The European Union has agreed to sanction the 351 members of the State Duma who voted in favour of Russia’s recognition of the self-proclaimed people’s republics of Donetsk and Luhansk, in eastern Ukraine.
The bloc will also punish 27 individuals and entities accused of destabilising Ukraine, waging disinformation campaigns and providing financial support to the two separatist regions.
The targets will come from the political, military, business and media sectors, and will be subject to asset freezes and travel bans, which means they will not be allowed to enter or transit through EU territory.
“This is a clear escalation of Russian aggression against Ukraine,” said Josep Borell, the EU’s top diplomat, in a press conference in Paris.
“We demonstrate our determination to respond robustly to latest developments.”
The new package of sanctions also limits the Russian government’s access to the EU’s capital and financial services markets and blocks the refinancing of Russian sovereign debt. Banks that “finance the Russian military apparatus” will also be penalised.
Additionally, trade between EU countries and the breakaway regions is banned.
By going after commercial links, the bloc wants to prevent Moscow from raising additional funds that could be used to bankroll the military campaign that has begun in eastern Ukraine.
“We will make it as difficult as possible for the Kremlin to pursue its aggressive policies,” said European Commission President Ursula von der Leyen in a separate statement.
The EU is Russia’s biggest trade partner, accounting for 37.3% of the country’s total trade in goods in 2020, according to the European Commission. The bloc gets over 40% of its gas and 26% of its oil from Russia, a dependency that officials have rushed in recent weeks to palliate through the purchase of liquified natural gas (LNG) from countries like Norway, Qatar and Azerbaijan.
Both von der Leyen and Borrell praised Germany’s decision to stop the certification process of Nord Stream 2, the controversial gas pipeline that would bring extra Russian gas to Europe.
“I think the German government is absolutely right. Nord Stream 2 has to be assessed in light of the security of energy supply for the whole of Europe,” said von der Leyen.
This story has not finished’
The new sanctions were adopted unanimously by all 27 member states at the end of an extraordinary meeting of foreign affairs ministers in Paris. The final details will be finalised in the coming days and the specific targets will be made public.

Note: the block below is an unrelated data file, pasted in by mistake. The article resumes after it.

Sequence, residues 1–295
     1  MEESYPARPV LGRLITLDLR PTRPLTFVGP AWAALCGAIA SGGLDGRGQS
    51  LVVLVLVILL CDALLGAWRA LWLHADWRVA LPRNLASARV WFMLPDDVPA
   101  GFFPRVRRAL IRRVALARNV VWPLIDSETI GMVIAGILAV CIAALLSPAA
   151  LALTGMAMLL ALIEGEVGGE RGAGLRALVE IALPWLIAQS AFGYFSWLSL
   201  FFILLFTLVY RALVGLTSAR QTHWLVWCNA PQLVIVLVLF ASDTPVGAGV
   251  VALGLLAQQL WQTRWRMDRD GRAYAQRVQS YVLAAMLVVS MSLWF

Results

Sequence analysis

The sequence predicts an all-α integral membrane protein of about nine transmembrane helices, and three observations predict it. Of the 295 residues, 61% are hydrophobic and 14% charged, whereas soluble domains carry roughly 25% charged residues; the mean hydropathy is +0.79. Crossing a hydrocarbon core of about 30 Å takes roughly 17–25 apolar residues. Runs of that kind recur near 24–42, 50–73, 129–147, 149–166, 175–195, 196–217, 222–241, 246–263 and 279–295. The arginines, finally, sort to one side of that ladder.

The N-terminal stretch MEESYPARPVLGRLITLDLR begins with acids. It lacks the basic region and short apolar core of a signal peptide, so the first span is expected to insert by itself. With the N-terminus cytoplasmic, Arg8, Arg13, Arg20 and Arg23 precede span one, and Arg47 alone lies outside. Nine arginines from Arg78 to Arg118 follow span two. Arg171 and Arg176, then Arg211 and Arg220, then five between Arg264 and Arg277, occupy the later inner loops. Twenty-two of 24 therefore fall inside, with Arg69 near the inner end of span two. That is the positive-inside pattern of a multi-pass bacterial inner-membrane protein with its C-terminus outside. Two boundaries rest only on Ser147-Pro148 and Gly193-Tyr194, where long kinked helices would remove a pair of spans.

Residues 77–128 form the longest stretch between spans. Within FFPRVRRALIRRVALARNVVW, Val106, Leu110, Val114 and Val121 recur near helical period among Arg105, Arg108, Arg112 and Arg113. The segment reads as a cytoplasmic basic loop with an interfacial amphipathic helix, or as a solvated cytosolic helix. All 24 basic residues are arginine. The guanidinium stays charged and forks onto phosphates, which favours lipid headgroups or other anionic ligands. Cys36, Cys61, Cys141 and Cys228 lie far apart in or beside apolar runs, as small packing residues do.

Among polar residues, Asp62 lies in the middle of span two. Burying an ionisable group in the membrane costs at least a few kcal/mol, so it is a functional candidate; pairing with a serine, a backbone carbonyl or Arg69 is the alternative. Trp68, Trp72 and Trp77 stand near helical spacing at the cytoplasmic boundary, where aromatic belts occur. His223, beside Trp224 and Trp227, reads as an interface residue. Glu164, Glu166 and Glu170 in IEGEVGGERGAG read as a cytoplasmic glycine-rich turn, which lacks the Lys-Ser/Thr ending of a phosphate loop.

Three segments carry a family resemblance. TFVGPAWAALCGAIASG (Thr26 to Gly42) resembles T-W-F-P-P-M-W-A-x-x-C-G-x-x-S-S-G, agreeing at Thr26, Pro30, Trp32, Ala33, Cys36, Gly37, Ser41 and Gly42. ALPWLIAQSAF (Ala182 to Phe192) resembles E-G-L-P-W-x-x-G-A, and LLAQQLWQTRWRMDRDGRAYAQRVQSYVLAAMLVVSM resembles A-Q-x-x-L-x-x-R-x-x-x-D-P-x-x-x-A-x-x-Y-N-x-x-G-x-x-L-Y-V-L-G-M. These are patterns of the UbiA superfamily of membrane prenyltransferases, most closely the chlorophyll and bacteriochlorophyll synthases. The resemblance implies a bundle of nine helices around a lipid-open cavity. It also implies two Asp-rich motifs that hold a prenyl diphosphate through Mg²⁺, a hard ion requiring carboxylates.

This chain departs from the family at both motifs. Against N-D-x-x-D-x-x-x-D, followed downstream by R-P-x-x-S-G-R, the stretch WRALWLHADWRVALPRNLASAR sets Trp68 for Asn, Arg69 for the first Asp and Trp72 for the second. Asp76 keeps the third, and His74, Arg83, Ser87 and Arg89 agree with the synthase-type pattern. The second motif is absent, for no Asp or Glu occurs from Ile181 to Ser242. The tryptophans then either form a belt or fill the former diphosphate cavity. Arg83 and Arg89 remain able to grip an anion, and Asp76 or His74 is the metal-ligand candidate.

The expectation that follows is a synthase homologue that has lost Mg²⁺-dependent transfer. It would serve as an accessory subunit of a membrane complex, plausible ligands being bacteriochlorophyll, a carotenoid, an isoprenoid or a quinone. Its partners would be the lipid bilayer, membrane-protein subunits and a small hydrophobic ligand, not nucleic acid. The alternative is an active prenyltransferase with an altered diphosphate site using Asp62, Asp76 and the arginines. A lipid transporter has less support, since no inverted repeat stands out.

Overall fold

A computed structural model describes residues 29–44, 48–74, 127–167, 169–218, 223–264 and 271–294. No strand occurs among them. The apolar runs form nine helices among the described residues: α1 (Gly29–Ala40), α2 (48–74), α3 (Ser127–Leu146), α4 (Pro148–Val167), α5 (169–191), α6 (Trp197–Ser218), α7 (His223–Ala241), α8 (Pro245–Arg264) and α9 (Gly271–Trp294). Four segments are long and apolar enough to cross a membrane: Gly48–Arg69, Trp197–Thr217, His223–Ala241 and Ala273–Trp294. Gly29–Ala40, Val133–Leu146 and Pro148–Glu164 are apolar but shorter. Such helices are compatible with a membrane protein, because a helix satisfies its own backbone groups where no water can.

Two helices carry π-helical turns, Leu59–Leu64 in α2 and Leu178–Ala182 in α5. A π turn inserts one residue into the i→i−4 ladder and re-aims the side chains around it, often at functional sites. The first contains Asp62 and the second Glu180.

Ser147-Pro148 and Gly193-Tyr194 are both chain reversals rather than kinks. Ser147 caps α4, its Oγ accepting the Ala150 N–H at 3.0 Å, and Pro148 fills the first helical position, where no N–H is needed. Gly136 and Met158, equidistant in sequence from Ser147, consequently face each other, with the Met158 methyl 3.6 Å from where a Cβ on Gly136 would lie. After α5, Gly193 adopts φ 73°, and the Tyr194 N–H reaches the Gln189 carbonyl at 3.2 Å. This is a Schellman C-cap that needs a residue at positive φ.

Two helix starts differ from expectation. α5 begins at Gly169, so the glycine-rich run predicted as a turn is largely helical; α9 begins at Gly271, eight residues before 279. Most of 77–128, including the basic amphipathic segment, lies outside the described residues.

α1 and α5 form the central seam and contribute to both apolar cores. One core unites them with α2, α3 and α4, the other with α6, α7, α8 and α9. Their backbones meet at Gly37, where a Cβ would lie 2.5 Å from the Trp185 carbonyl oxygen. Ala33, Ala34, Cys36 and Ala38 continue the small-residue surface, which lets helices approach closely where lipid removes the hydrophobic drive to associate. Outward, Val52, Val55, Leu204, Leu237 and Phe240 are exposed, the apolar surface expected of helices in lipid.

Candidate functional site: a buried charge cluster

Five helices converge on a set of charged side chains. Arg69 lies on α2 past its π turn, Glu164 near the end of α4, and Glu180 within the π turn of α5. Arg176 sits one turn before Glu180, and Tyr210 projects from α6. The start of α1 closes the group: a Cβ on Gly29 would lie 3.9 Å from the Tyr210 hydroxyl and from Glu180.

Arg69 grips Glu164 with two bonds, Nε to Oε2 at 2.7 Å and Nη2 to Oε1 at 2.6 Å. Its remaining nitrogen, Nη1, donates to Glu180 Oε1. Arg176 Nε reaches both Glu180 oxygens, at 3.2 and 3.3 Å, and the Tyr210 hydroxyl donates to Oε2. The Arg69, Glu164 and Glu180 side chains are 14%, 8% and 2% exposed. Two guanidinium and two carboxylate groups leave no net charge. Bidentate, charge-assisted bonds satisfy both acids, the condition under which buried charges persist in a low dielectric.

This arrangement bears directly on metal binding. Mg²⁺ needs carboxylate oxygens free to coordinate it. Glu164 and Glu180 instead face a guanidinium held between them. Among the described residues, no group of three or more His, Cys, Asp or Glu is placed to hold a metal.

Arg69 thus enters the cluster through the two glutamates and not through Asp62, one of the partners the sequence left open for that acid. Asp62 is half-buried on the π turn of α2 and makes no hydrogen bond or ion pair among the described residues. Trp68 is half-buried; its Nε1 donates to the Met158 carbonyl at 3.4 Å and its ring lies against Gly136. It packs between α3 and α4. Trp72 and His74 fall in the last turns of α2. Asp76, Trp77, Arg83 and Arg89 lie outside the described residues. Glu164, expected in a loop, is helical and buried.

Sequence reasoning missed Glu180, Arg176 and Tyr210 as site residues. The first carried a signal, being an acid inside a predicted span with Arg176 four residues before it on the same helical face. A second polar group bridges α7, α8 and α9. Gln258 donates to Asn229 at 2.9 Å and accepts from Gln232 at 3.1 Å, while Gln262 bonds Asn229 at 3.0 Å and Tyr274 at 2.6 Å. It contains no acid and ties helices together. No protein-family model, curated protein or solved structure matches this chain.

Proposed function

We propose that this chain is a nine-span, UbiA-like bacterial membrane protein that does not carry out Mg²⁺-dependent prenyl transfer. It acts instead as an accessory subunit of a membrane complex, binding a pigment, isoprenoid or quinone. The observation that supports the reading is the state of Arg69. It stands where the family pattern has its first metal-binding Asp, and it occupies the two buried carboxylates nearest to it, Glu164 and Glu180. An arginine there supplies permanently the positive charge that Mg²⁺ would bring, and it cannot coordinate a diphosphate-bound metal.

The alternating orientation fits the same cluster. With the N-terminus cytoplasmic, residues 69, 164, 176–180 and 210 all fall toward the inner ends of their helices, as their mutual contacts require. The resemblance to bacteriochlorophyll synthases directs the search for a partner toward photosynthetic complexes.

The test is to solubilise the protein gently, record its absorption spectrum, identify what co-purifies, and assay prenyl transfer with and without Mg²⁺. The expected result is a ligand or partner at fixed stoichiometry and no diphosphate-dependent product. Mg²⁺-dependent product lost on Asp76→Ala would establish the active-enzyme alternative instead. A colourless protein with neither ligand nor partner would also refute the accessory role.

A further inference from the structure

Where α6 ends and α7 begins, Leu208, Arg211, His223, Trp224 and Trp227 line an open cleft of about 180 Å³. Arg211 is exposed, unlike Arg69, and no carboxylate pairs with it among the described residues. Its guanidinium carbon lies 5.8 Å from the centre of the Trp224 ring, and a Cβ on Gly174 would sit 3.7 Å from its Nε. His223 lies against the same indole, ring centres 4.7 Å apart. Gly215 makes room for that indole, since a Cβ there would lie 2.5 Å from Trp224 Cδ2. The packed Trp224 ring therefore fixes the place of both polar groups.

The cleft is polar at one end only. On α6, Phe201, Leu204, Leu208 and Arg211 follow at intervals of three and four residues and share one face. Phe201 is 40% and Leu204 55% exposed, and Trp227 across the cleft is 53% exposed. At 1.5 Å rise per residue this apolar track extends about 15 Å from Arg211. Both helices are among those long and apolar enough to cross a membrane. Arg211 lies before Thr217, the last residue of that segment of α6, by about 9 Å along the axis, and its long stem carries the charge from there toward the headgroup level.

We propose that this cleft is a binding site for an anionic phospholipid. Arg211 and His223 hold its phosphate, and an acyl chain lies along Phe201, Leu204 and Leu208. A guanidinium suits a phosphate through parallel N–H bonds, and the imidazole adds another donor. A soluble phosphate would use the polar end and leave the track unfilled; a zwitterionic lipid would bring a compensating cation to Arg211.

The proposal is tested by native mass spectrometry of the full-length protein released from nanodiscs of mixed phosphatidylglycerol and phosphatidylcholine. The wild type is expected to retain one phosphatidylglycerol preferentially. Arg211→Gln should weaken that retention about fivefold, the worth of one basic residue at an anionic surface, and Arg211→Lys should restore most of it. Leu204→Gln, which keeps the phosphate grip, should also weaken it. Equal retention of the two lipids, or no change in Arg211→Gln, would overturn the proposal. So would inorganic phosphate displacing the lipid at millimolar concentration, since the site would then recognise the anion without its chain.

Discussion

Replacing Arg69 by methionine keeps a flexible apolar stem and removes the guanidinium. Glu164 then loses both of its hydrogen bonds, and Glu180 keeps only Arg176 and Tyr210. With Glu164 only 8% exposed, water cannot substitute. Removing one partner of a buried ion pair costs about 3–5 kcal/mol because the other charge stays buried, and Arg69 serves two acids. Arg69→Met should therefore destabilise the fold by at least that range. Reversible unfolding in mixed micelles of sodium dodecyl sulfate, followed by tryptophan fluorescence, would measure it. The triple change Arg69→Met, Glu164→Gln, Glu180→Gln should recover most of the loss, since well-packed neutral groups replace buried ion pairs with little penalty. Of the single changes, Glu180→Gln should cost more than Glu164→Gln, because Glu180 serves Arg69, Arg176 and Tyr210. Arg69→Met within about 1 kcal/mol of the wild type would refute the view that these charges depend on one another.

Borrell admitted the bloc “could’ve gone further” but compromises had to be made to accommodate the positions of all countries. He noted the bloc was ready to impose further penalties if the situation at the border deteriorates and turns more violent.
“We didn’t want to show off all our cards from the beginning,” he said, calling Tuesday’s package a “first step.”
He confirmed that Putin is not on the sanctions list.
The Duma voted in favour of recognition on 15 February, arguing the Western-aligned government in Kyiv posed a threat to the pro-Russian majority in the Donbas region.
The Donetsk People’s Republic (DPR) and the Luhansk People’s Republic (LPR) were established in the spring of 2014 following the Maidan Revolution and the ousting of President Viktor Yanukovych, a dramatic episode that took place exactly eight years ago.
President Vladimir Putin “really had this date clearly in mind,” said Borrell.
The Ukrainian government considers the DPR and LPR as terrorist organisations and sees the provinces as occupied territories, like the Crimea peninsula.
The bloc’s response comes after the US and the UK announced similar moves to cripple the economy of the DPR and LPR in a bid to add pressure on the Kremlin.
“We’re afraid, we believe this story has not finished,” said Borrell.
“The risk of conflict is real and we need to prevent it at all costs.”
The EU had previously imposed sanctions on 193 persons, such as judges, prosecutors and Duma legislators, and 48 entities accused of undermining Ukraine’s territorial integrity in Crimea and Sevastopol.
Real risk of war
The latest raft of penalties comes as the Ukraine-Russia border standoff enters a new volatile and unpredictable phase that has laid bare the limitations of Western diplomacy.
After weeks of extreme tensions and a military build-up of more than 150,000 Russian troops, President Vladimir Putin disregarded pleas from European leaders and chose to answer the Duma’s call, recognising the two breakaway Ukrainian regions as independent.
On Monday evening, Putin delivered a lengthy, revisionist televised speech to justify his actions and challenge Ukraine’s legitimacy as a sovereign state.
“Modern Ukraine was entirely and fully created by Russia, more specifically the Bolshevik, communist Russia,” he claimed.
Putin’s statement covered the entire Donetsk and Luhansk provinces, far beyond the ceasefire line and the area currently held by separatist forces. He then ordered Russian troops to enter the Donbas region, a step that some fear could serve as a prelude to a full-fledged invasion of the entire Ukrainian state.
The defiant speech provoked immediate condemnation from European and US allies, who vowed to slap Moscow with a coordinated raft of sanctions.
“Russia’s decision to recognise the Ukrainian regions of Donetsk and Luhansk is illegal and completely unacceptable,” said von der Leyen.
“If Russia continues to escalate this crisis that it has created, we are ready to take further action in response. The EU is united and acting fast.”
NATO Secretary-General Jens Stoltenberg warned Russian troops were ready to “strike” and that the risk of an all-out war was “real”.
“Moscow has moved from covert efforts to destabilise Ukraine to overt military action,” he said.